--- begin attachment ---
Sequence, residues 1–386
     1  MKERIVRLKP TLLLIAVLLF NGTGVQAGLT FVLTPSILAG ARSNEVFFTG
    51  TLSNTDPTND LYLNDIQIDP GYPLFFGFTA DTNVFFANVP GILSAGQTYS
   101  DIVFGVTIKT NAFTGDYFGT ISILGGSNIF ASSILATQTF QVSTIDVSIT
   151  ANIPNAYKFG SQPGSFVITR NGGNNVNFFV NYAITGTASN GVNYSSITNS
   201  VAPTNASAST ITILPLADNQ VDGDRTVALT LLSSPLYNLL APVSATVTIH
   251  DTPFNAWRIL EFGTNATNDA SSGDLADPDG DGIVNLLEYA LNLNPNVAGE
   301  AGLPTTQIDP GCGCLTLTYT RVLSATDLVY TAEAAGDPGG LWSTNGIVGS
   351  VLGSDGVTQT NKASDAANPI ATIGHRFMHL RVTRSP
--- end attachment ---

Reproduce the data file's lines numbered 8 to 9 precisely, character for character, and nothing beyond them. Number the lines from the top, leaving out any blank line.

   301  AGLPTTQIDP GCGCLTLTYT RVLSATDLVY TAEAAGDPGG LWSTNGIVGS
   351  VLGSDGVTQT NKASDAANPI ATIGHRFMHL RVTRSP